Sugar Johnnie's New Orleans Creole Orchestra

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Sugar Johnnie's New Orleans Creole Orchestra was one of the bands that went into the making of an ensemble known as King Oliver's Creole Jazz Band. Before being absorbed by Oliver's band, Sugar Johnnie's…
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Sugar Johnnie's New Orleans Creole Orchestra was one of the bands that went into the making of an ensemble known as King Oliver's Creole Jazz Band. Before being absorbed by Oliver's band, Sugar Johnnie's played Chicago's De Luxe Café under the leadership of clarinetist Lawrence Duhe. The group featured a number of first-rate soloists, among them innovative cornetist Freddie Keppard, cornetist Mutt Carey, and saxophone and clarinet player Sidney Bechet.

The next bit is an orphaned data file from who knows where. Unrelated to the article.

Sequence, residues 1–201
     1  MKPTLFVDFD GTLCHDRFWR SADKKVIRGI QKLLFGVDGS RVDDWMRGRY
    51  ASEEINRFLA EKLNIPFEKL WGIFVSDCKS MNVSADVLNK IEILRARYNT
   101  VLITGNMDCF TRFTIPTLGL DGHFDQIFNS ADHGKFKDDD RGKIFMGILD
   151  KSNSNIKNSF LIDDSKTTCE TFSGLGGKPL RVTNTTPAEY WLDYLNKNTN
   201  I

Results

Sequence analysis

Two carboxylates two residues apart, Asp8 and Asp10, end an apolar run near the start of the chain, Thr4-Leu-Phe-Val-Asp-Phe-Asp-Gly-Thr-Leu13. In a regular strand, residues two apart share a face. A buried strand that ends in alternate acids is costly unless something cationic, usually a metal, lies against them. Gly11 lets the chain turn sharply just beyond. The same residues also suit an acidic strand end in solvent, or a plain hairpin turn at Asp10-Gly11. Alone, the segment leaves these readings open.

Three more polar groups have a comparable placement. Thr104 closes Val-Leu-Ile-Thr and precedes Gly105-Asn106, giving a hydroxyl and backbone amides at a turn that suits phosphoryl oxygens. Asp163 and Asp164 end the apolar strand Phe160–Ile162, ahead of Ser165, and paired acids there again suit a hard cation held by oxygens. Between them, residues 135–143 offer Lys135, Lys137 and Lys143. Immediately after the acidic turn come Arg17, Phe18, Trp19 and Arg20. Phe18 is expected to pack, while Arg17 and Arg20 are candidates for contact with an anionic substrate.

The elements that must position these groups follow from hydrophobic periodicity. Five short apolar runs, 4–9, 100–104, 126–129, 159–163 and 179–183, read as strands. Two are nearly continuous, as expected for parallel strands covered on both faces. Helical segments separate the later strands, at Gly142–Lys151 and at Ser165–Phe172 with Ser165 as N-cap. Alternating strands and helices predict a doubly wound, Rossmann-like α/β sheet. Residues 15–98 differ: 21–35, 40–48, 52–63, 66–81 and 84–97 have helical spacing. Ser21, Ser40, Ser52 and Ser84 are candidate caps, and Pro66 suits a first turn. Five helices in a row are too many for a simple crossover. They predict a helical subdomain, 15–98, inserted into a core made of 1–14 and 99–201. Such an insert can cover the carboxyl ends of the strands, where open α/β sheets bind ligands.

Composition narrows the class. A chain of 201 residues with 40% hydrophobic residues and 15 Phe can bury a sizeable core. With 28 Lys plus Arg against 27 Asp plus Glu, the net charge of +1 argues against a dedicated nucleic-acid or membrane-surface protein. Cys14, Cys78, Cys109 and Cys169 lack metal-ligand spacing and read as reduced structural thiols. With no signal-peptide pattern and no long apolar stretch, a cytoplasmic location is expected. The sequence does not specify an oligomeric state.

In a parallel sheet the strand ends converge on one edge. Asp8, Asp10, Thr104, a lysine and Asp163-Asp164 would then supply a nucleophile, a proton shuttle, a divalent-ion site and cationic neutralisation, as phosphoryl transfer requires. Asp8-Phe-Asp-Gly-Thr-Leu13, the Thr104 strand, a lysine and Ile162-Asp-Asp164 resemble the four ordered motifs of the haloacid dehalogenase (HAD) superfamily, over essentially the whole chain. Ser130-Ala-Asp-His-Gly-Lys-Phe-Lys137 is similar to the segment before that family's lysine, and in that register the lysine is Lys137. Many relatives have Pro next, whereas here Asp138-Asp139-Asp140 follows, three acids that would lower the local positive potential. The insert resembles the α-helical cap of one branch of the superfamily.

In 1917, a teenaged Lil Hardin joined Sugar Johnnie's New Orleans Creole Orchestra as its piano player. By the following year, the tubercular Sugar Johnnie Smith, a New Orleans cornetist, contracted pneumonia and passed away. The band's loss led to Carey's joining the band, but he soon jumped ship to become part of Kid Ory's Creole Orchestra on the West Coast. Duhe filled his shoes in 1919 by hiring King Oliver. Oliver also played with a Creole orchestra led by Bill Johnson. He eventually became leader of Sugar Johnnie band and combined it with Johnson's, billing the new blended group as King Oliver's Creole Jazz Band. In 1921, he took the band on a tour of California. In Chicago, the band had gigs at the Pekin Café and the Dreamland Café. Among the musicians who played in Sugar Johnnie's New Orleans Creole Orchestra were trombonist Roy Palmer, bass players Wellman Braud and Ed Garland, violinist Jimmie Palao, piccolo player Bab Frank, and drummers Tubby Hall and Minor Hall.